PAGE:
Minimal comment on Toowoomba-Warwick pipeline

Cressbrook Dam at Toowoomba.

By Jeremy Sollars

The Southern Downs Regional Council says it is “working closely” with the Queensland Government and Seqwater on a proposal to run a pipeline from Toowoomba to Warwick to supply Warwick with emergency water when Leslie Dam runs dry, forecast by the council to happen in “mid to late 2020”.

But details on the potential timing of the project – and whether such a pipeline could or would be in place by the middle of next year at the earliest – remain scant.

Southern Downs councillors at their December meeting held on Wednesday of this week, 18 December, were told by chief executive officer David Keenan that no ‘heads of agreement’ is currently in place with the government or with Seqwater in relation to the possible project.

In late November Queensland Premier Annastacia Palaszczuk announced a $1 million ‘feasibility study’ into a potential pipeline running from Toowoomba’s Cressbrook Dam to Warwick.

Such a pipeline would allow access to water from Brisbane’s Wivenhoe Dam, which Toowoomba already uses via a $187 million pipeline from Wivenhoe to Cressbrook constructed in 2010.

Wivenhoe Dam is in turn connected to 11 other dams forming the South East Queensland ‘Water Grid’ which is managed by Seqwater.

Seqwater has been charged with delivering the report on the feasibility of the Toowoomba-Warwick pipeline to the Queensland Government by April next year.

At this week’s December council meeting – the last general meeting for 2019 – Mr Keenan told councillors three meetings had so far been held between the council and the Queensland Government on the Toowoomba-Warwick pipeline but other than saying the negotiations were “on track” said the council had “no comment” at this time on the details.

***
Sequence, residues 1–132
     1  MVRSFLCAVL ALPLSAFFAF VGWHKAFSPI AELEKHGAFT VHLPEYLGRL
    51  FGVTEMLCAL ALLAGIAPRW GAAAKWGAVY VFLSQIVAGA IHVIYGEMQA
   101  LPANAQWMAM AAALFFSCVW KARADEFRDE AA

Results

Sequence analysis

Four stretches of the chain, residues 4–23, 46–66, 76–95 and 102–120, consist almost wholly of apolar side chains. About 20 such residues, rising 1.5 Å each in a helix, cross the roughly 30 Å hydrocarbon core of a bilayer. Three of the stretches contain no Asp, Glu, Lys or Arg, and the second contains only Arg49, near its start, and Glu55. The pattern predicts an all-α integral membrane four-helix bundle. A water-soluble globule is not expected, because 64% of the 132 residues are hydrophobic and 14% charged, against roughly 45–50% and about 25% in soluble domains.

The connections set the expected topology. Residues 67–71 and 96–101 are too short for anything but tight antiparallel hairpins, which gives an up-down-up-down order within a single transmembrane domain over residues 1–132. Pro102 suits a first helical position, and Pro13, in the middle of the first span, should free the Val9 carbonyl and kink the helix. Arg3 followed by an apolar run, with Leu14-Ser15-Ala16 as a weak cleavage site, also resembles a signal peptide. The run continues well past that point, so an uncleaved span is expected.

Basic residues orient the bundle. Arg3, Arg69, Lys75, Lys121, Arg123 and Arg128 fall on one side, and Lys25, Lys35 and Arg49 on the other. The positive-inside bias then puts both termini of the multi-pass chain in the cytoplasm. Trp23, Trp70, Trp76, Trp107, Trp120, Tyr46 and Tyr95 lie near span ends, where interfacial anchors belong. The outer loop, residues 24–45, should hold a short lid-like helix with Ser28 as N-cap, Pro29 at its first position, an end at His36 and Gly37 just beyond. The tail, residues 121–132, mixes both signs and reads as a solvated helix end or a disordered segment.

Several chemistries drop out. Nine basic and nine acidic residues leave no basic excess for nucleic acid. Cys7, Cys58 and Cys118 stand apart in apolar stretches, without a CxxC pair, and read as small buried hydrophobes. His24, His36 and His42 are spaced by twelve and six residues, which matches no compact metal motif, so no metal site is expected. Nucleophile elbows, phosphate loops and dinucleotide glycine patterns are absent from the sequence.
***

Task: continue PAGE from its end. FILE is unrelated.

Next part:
The council has likewise to date released only limited details of its plans to ensure Warwick has an emergency water supply should Leslie Dam run dry without significant rainfall in the coming months.

Options the council has publicly stated it is looking into include existing bore water supplies in the Allora area and from the former Rosenthal Shire bores just outside Warwick at Gray Lane off the Warwick-Allora Road, and sourcing water from Killarney.

Emergency level water restrictions for the Southern Downs council area of 80 litres per person per day came into effect yesterday, Thursday 19 December, as the council prepares to commence full-scale carting of water to Stanthorpe from Warwick’s Connolly Dam.

Stanthorpe’s Storm King Dam is expected to fully deplete sometime within the next fortnight.


In November Premier Palaszczuk said “while water supply is a particular concern for a number of communities, I will not let Queensland families run out of drinking water”.

“We have already committed $2.4 million for infrastructure and $800,000 per month to transport water to Stanthorpe,” the Premier said.

“With more than 15,000 residents and businesses depending on Warwick’s local water supply, carting water is not a practical option.

“Leslie Dam is down to less than 6 per cent capacity and it’s estimated that Warwick has a maximum of 14 months of supply based on the current predictions of below average rainfall.

“A pipeline from Wivenhoe Dam to Cressbrook Dam already exists to augment Toowoomba’s water supply in times of drought.

“It makes sense to now explore whether it is feasible to extend the supply network to Warwick.

“By linking Warwick through Toowoomba to the South East Queensland Water Grid, we could significantly improve supply security to the city and those who depend on it.”


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